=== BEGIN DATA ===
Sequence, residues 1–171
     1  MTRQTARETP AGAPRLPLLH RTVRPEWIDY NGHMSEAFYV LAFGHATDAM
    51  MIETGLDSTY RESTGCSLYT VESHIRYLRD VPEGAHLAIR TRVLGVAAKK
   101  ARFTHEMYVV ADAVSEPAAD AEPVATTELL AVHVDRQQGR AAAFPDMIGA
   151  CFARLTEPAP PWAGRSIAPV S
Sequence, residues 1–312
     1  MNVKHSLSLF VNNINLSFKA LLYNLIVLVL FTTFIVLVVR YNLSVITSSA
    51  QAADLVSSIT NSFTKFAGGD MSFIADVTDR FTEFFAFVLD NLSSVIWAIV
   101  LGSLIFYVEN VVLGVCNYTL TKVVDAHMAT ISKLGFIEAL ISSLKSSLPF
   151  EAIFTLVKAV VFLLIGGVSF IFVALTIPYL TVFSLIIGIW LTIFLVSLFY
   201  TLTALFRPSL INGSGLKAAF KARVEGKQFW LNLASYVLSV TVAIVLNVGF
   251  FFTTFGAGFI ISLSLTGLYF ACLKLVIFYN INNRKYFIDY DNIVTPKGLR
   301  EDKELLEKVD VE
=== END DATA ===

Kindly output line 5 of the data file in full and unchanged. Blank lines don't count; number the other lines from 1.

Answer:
   151  CFARLTEPAP PWAGRSIAPV S